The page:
Titled "Live It", the cassette provides a rigid insight into BT's flexible, improvisational attitude towards how they believe music should be bracing itself in the Eighties. The six tracks are drawn from two studio sessions and from recordings of continuous performances. They point a feasible escape from the swamp of insipidness that is generally jumbled together under the umbrella of "modern British music".

Biting Tongues also had an album released on Situation 2 Records, some 14 months ago. "It was called 'Don't Heal', but we won't hold it against you if you haven't heard of it," Howard says. "You're just one of the 63 million other people who also haven't.

"Seriously, though, it was difficult to put an album out and expect people who hadn't heard of us to pay a fiver for it," he adds. "But it was a terrific experience to record it. We played without stopping on both sides!"

"Live It" is available for only £1.75 so this time the Tongues could be justifiably upset if you don't bother to give them the remotest chance to win you over. "If people do obtain the cassette it will give them a chance to see what we were like before," Howard says. "That's because there is a natural progression from the album to the tape."

ALLOW me to bring in the other commentators: Capalula (voice), Graham Massey (guitars), Eddie Sherwood (drums) and Colin Seddon (bass). "We like jazz but we accept that it's an awkward word with various connotations," Colin states emphatically.

"I suppose from an improvisational point of view we could be seen as a 'jazz band' but with this new jazz fabrication going around we are wary of being labelled amongst your Pigbags and your Rip Rig & Panics."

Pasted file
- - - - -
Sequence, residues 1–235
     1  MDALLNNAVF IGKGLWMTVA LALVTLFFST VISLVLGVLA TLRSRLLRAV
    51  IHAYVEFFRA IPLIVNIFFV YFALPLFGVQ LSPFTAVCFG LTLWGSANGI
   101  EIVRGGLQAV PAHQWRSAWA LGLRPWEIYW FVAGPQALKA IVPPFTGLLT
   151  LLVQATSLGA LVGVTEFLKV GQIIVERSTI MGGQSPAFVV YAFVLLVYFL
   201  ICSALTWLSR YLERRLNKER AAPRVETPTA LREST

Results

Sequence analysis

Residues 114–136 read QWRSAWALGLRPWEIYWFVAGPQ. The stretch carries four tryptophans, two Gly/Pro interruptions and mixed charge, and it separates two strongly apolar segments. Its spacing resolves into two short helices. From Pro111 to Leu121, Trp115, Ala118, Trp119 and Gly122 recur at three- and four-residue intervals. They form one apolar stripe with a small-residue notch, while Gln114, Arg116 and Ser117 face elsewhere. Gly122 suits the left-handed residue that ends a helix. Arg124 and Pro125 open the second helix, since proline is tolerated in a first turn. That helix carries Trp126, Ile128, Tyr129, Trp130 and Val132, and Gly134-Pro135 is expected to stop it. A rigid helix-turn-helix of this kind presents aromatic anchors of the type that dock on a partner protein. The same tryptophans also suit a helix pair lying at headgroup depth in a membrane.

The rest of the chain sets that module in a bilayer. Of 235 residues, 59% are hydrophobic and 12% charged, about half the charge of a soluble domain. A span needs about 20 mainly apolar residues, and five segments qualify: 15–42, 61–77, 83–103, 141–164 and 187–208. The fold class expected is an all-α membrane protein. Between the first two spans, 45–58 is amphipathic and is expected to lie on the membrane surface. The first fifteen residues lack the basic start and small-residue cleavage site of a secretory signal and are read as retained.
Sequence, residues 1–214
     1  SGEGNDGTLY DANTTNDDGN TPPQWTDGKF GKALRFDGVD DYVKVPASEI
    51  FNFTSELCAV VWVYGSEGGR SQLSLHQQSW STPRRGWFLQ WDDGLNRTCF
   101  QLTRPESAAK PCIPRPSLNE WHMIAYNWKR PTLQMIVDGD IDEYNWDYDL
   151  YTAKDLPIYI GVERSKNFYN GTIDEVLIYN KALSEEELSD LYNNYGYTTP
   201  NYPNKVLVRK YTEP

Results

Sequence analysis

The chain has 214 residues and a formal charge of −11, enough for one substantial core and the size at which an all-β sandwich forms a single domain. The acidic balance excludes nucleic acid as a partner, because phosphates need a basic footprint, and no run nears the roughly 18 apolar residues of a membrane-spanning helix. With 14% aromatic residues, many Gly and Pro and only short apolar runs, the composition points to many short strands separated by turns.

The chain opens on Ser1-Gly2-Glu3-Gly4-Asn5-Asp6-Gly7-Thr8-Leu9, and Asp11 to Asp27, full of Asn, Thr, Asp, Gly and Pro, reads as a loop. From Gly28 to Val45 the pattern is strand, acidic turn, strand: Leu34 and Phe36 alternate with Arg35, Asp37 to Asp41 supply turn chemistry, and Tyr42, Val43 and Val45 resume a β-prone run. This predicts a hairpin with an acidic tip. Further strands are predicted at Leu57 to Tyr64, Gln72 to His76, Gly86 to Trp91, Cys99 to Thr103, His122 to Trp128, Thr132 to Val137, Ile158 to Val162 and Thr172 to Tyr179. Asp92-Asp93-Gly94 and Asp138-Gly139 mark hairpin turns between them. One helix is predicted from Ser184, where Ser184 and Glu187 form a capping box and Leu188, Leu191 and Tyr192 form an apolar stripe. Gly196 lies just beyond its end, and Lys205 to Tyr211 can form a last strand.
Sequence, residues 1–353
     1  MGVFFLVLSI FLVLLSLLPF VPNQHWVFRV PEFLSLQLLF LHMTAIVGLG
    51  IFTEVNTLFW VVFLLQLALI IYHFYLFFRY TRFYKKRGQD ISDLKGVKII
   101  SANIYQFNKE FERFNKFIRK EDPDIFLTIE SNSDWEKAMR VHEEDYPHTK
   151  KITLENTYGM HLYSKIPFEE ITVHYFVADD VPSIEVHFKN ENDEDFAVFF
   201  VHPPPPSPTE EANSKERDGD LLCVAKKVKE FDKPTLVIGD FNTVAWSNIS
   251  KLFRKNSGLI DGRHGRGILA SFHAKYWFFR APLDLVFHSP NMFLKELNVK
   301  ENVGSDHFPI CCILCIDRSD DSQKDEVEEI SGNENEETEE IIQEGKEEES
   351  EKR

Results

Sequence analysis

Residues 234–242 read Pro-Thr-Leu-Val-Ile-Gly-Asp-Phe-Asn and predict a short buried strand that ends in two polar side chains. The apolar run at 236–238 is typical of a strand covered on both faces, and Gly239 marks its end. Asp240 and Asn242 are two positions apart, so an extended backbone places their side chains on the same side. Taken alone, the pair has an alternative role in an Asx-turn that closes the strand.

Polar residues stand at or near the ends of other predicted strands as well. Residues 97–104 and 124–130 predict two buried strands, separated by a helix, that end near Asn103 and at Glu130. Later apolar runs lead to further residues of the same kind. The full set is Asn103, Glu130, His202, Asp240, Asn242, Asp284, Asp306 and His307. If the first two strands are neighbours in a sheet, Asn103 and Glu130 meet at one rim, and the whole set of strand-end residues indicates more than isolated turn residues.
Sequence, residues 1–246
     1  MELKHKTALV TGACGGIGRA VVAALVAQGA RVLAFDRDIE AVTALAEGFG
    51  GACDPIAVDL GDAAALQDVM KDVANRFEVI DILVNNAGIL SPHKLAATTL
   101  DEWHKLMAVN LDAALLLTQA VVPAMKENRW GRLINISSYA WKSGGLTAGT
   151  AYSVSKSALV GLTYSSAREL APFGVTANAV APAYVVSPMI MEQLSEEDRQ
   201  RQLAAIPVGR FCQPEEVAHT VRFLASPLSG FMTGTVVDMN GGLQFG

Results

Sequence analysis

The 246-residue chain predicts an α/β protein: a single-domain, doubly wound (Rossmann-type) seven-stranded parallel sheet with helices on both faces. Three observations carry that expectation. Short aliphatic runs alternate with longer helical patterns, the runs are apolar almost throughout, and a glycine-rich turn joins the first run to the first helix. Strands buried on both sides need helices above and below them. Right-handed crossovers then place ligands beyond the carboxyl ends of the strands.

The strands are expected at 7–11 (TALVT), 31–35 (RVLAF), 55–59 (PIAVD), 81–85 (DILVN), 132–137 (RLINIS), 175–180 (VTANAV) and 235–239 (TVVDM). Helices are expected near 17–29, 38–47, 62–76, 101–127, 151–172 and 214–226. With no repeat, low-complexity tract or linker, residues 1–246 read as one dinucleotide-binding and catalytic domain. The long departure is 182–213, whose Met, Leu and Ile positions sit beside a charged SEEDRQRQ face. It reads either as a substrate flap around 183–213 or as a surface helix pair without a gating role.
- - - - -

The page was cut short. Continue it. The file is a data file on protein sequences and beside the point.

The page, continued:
Colin explains that BT as individuals enjoy a wide and varied taste in music.

"But that doesn't mean that we want to mirror them in our own music," he declares. "We don't have influences as such; we just rehearse and let it flow naturally. If you consider the end product similar to someone else's music that's your prerogative. Personally we don't think we sound like anyone else."

Graham surprises me by saying that the Tongues believe they are "better" on stage than on vinyl or cassette. "We're more immedi ate ," he points out. "And in our case immediacy and spontaneity are a double elixir that we thrive from."

Live the Tongues will surprise if not shock you with a sizzling commitment. "We like to improvise and compose the set as we go along," Eddie confides. "People shouldn't go to a gig and expect to hear a resume of the l ate st album. We expect our audience to work a bit: we want them to push us, to make us work to come up with something different every time they see us."